If you want to run a hassle-free blog, but don't mind that you can't customize things much, and don't mind paying some upsell premium fees for certain services, WordPress.com might be for you.
If you want to tap into the power of plug-ins and themes, you probably want to run the PHP/MySQL-based self-hosted WordPress software. You can do this any number of ways.
You can get yourself a nice Linux server and just install everything yourself, or — at the other end of the spectrum — you can sign up to many of the services out there that host WordPress sites and set them up for you, but let you add themes and plug-ins.
Many hosting providers use CPanel or other easy install applications, so even if you're using a self-hosted WordPress, installing a new instance is a matter of choosing an option when you set up your hosting service.
In my opinion, this is the way to go. Costs can range all over the map, from basically free to thousands of dollars a month. The site that I let go fallow uses a number of expensive commercial plug-ins (it's a big site), so bringing everything up to date cost about a grand.
My monthly operating expenses are lower: about $40/month for hosting and I just added another $33/mo for ongoing automated management and monitoring, so I don't have another "Honey, there's porn on the site" call from my wife.
You can definitely host WordPress for less than I pay. I have legacy sites that, for fourteen years, provided a good living to a small company. We have something like 70,000 articles on those legacy sites, so paying forty bucks a month to keep the articles online is a relatively small price to pay.
Installing WordPress, even if you're doing it from the command line in Linux, is a pretty easy process. The WordPress installer automates a lot of the process, so you can generally have a web screen interface in just a few minutes.
The self-hosted WordPress software (which WordPress developers often refer to as "WordPress.org" software because that's where you download it from) operates in two modes: single site and network (or multi-site).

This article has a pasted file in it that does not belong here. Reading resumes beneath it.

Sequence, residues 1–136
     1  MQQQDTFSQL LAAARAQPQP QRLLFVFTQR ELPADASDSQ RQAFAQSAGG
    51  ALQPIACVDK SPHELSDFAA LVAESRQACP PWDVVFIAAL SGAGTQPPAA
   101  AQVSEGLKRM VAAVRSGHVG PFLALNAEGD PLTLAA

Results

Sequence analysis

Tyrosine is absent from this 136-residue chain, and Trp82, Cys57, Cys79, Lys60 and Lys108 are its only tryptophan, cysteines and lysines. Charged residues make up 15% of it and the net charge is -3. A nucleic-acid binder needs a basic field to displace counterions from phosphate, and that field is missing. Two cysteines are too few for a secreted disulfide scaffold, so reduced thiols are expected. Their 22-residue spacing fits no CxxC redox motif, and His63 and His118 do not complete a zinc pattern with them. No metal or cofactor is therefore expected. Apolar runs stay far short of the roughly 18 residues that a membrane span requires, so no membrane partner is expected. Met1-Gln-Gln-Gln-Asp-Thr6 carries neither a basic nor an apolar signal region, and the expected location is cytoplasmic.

So, yeah. There's that.
Back in the day (before WordPress 3.0, if memory serves me correctly), the WordPress distribution actually came in two distinct downloads: basic WordPress and multi-site (or MU) WordPress.
Multi-site WordPress allowed you to set up a single WordPress install and run a bunch of sites under it. Think about a classroom, for example. Let's say you wanted to provide a set of plug-ins and themes to a class of students, but give each student his or her own site. Multi-site was built for just such a scenario.
Today, you can take the same distribution and use it either as single-site or multi-site, and instead of being called "multi-site" it's called Network, meaning for a network of sites in one installation.
There are benefits and gotchas to this. As I mentioned, it's great for spinning off related sites, one after another, for a large group of similar users.
But, on the other hand, many existing plug-ins and themes either outright don't work with multi-site WordPress or have never been tested with it. In particular, backup and site management plug-ins generally don't work with multi-site. So if you're going that way, you're going to need to be much more hands-on.
It's also rather difficult and tedious to move a site between regular single-site WordPress and multi-site, so you probably want to decide going in which is the better choice for you.
In summary, then, there are actually four WordPress variants:
Are you using WordPress? TalkBack below (and let me know if you want more WordPress-related articles).